A Few of My Favourite Things
We live in a culture that expects us to be eager and constant consumers of new and improved products. Unless you are living off the grid, it’s impossible not to be bombarded with increasingly individualized and targeted advertising. The torrent of images and slogans is designed to generate dissatisfaction with whatever we have, and to instill an insatiable hunger for what’s new, what’s better, or what’s the latest thing on the market. Active resistance to this mindset and the soul-deadening snares of consumerist culture is surely the path of Christian wisdom.
And yet, we are embodied, physical creatures made by a Creator God for life in this world. Christianity sometimes has been called the most materialistic of all religions. Why? Simply because our faith teaches us that the world made and sustained by God is good, and God gives us all things richly to enjoy. Denial of the basic goodness of the material world and human body is a persistent heresy. Every culture and its “stuff” (foods, styles of dress, forms of artwork, and so on) reflect the diversity of God’s creative goodness.
I am sure that each of us has a few favourite things. Even those with few material possessions have some that are special, items that we’d take with us to a desert island. I’ve always enjoyed the long-playing BBC radio program “Desert Island Discs.” The show’s format is simple. The host asks a guest what they would take with them if they were a castaway on a desert island. In the end, the guest must decide on taking just one record, one book (other than Shakespeare or the Bible), and one “luxury” item.
One record: For me, it would be a choice between my favourite jazz or classical records. In the jazz category, I’d consider pianist Dave Brubeck’s Greatest Hits album. In the classical realm, the very close runner-up would be Handel’s Messiah. But the disc I’d take would be Mozart’s Clarinet Concerto in A Major, K622. For a defense of Mozart in general, I defer to Karl Barth. He wrote a short book about Mozart, in which he claims: “It may be that when the angels go about their task praising God, they play only Bach. I am sure, however, that when they are together en famille they play Mozart.” I am a former clarinetist, and when I retired, I was working on playing that piece in recital. Its sublime delicacy and sheer beauty are a wonder, time after time. It doesn’t get old.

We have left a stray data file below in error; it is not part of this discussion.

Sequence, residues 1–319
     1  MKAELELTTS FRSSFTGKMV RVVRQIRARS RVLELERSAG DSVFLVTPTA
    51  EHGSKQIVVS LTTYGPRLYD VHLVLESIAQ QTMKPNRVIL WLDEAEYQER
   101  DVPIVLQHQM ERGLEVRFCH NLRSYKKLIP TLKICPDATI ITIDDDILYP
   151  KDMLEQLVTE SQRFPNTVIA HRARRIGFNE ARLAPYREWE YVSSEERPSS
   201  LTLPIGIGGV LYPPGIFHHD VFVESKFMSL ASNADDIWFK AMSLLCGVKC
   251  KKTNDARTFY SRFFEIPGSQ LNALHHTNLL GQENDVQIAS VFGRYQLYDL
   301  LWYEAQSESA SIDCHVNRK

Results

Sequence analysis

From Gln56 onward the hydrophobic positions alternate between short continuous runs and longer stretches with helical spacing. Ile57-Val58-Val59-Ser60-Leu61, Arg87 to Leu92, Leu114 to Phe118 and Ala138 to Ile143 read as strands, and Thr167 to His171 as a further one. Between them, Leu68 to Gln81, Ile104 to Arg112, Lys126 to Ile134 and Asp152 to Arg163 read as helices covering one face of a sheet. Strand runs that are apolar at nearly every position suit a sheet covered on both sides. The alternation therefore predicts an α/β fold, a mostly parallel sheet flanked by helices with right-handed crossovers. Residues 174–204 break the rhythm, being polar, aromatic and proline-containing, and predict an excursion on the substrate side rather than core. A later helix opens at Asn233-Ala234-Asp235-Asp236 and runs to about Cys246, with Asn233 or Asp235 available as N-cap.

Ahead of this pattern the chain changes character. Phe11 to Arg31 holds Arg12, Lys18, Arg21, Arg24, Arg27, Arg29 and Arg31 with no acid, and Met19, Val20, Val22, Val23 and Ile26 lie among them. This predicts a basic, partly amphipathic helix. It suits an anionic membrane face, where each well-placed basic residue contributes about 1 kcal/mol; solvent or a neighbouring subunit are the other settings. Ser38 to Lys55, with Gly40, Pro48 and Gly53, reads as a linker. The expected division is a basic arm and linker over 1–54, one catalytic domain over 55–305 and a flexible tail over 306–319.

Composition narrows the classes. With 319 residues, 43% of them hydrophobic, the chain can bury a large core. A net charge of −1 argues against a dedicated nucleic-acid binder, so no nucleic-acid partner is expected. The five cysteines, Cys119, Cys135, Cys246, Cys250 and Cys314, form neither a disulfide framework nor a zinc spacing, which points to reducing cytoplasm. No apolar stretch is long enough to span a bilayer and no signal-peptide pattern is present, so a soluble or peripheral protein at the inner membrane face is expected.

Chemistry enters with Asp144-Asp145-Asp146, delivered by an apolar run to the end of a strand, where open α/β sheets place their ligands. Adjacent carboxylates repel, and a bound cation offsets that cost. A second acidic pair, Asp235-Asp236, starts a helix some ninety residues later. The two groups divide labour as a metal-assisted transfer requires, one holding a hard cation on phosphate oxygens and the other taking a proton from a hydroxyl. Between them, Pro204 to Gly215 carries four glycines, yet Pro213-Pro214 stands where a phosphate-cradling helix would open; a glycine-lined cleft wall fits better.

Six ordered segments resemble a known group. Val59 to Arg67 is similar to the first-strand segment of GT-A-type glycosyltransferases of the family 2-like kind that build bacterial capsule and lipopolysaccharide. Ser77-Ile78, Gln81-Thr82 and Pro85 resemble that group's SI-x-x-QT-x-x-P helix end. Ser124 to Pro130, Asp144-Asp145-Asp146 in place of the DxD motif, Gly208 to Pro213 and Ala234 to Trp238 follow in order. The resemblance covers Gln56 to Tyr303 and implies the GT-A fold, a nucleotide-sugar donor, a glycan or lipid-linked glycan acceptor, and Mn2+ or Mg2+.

One book: One book? Really? That’s so hard. A very serious candidate would have to be a really excellent cookbook, assuming that there is a supply of food on the desert island (not just coconuts and salt water). My new favourite is The Cook’s Illustrated Cookbook. Beyond recipes and pictures, this splendid volume has interesting narratives about cooking methods and ingredients. It captures the art and science of cooking like nothing else I’ve seen. However, ongoing food for the mind and heart should be taken more seriously. For enduring value, the book I would actually take is The Complete English Poems of the great 17th century Anglican George Herbert. He is my favourite poet, someone whose profound theological vision is given powerful yet simple expression in a remarkable body of spiritually edifying poetry.
One “luxury” item: I really love my food processor, but since I assume electricity is not necessarily available, and since I may have only coconuts to eat, I’ll leave it home. I’d give serious consideration to taking a pillow. I think it would be easier to get along without a bed if there was a firm pillow with me. I am pretty particular about pillows. In the end, I’d have to take a lifetime supply of lined paper and non-scratchy pens. With the Bible, Shakespeare, and Herbert near to hand, and with Mozart’s inspiration, maybe I could get some writing done. Strangely enough, my desert island scenario sounds a lot like a theologian’s plans for his next sabbatical!
Try your own version of the show at home with your friends or family. What would you take? What are your favourite things?